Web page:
Islamic months begin when the thin crescent moon is first sighted in the western evening sky. Predicting when the crescent moon would become visible was a special challenge to Islamic mathematical astronomers. They had to relate its movement to the horizon - a calculation that involved complex mathematics. 
The requirement to face Makkah al-Mukarramah, i.e. the holy site of Mecca in Saudi Arabia, when praying meant that astronomers had to find the direction of the Holy City from any given location in the Islamic world. They also had to determine the proper local times for prayers. Islamic astronomers resolved these problems through trigonometry. By the 9th century, they were already using the six modern trigonometric functions (remember sine and cosine, etc from your high school days so long ago!), five of which appear to be of Arab origin.

An equatorium, a term I had never heard of before, allowed people to work out the positions of the planets. The device was invented by an Arab mathematician in the second half of the 10th century.
After learning about so many scientific achievements made by Muslim scholars on the museum's first floor, we then explored the second floor. There, I was amazed to learn that Islam is the world's fastest growing religion. It has more than 1.4 billion believers, roughly one-fifth of the world's population. The word 'Islam' means submission or surrender to the will of Allah or God. I read that it began when Allah conveyed the first revelation to the Prophet Muhammad through the Archangel Gabriel in the cave of Hira in Makkah or Mecca as we know it in Saudi Arabia in 609. A Muslim's faith rests on 'the Six Pillars of Iman or Faith. They are the belief in Allah, in his Angels, in his revealed scriptures, in his Messengers, the day of Judgement and the Resurrection and Divine Predestination. 

Shahada, which means The Profession of Faith, is the first pillar or tenet of Islam.
Salat, another pillar of the Muslim faith meaning The Five Daily Prayers, is important to devout Muslims.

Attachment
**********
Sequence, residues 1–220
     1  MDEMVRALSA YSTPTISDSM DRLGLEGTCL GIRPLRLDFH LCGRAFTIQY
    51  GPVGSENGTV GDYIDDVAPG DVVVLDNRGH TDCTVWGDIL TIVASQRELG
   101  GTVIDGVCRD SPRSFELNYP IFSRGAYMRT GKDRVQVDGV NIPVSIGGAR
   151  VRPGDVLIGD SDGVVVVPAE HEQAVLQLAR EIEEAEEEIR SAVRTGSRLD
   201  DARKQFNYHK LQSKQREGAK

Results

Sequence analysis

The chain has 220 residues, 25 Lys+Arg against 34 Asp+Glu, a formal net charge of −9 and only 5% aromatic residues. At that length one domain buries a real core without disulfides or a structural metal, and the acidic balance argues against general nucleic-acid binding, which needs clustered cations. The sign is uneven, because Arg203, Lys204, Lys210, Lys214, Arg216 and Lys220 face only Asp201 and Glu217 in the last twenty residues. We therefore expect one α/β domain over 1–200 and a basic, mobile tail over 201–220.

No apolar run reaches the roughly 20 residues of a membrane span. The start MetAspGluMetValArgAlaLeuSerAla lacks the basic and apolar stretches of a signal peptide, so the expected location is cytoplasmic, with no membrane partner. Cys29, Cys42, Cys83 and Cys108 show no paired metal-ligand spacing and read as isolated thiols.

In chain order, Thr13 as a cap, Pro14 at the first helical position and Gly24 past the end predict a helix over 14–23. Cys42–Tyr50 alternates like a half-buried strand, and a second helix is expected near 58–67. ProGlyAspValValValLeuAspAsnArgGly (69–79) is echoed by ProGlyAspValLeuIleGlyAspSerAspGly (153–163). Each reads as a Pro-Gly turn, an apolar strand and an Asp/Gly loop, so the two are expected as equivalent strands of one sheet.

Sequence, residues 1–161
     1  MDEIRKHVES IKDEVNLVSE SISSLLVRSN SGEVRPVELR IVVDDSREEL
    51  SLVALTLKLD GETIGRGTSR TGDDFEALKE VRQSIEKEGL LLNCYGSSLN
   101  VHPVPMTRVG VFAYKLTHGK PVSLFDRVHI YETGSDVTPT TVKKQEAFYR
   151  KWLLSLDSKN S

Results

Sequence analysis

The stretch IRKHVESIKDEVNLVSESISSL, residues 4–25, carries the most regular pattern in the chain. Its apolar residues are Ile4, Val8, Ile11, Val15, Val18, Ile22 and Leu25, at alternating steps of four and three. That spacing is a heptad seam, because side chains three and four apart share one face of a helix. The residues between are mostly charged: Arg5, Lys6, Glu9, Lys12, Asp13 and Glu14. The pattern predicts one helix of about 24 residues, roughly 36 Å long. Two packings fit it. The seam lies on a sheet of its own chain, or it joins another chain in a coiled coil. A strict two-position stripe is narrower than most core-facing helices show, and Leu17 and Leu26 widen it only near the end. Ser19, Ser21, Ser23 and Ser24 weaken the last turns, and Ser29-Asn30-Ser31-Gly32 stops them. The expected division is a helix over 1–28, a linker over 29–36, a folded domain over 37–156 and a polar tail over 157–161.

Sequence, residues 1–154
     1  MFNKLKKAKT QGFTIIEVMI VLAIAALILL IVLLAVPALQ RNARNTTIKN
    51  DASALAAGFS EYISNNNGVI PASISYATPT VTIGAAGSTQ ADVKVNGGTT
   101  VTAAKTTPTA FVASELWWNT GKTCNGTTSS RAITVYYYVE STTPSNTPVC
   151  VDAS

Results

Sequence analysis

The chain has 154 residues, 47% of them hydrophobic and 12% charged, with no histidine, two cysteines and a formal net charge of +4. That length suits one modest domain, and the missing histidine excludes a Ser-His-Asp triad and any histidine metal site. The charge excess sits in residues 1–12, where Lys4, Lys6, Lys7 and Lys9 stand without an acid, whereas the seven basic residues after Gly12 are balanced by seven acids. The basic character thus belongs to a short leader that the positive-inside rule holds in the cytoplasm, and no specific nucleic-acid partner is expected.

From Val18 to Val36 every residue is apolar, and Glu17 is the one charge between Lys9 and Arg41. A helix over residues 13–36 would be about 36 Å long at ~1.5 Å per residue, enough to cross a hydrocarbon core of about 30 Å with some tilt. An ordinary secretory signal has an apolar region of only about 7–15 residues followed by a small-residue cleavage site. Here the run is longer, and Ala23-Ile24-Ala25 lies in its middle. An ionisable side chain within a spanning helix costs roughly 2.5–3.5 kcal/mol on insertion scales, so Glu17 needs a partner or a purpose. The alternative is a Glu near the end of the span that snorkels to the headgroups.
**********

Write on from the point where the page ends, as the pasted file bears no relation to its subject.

Zakat, meaning Monetary Obligation, is the third pillar of Islam. It's an Arabic word which translates to blessing, purification and growth. The term is used to refer to the specific amount of money paid to support certain causes. Zakat signifies a monetary and legal obligation for Muslims to give alms to the poor and needy. More specifically, they must give 2.5% of their net income to charity annually. For Muslims, the giving of zakat is a way of strengthening society both economically and morally. Muslims are, of course, free to give much more than the legally prescribed amount voluntarily, either in monetary form or in kind.
The fourth pillar, Sawm, is fasting during the Muslim holy month of Ramadan. The fifth pillar of Islam is the hajj, the annual pilgrimage to Makkah or Mecca in Saudi Arabia, which takes place in the 12th and last month of the Islamic calendar known as Dhu'l Hijjah. All Muslims must undertake this pilgrimage at least once in their lives, if they are physically and financially able to do so. The rituals and the route of the hajj are precisely defined. Muslims are obliged to attend/go on (?) the hajj to purify their souls and to train them in patience and their submission to Allah. Devout Muslim pilgrims look forward to having their sins forgiven by Allah.

The Holy Mosque in Mecca:
The photo shows the crowds of Islamic faithful performing hajj: 

Kiswah: Clothing the House of Allah: The heavy cloth of black silk lined with embroidered gold and silver threads that cover the Ka'ba, a small building in the courtyard of the Great Mosque in Mecca, is known as the kiswah. The tradition of draping the Ka'ba dates back to pre-Islamic times. The kiswah, measuring almost 46 feet high by 39 feet wide, is changed annually during the hajj pilgrimage during the ninth day of the final month of the Islamic calendar. The old kiswah is taken down and the walls are cleaned with rose water and incense before the new kiswah is put in place. 
Makkah, the Blessed City for Muslims, has always been a sacred and venerated city. This status is enhanced by the Ka'ba or the House of Allah located within it. The Ka'ba, located at the heart of the central courtyard, provides the focus for people from all over the world during the annual pilgrimage. The Holy Mosque at Makkah al-Mukarramah can hold more than one million worshipers! It occupies five levels: two below ground and three above.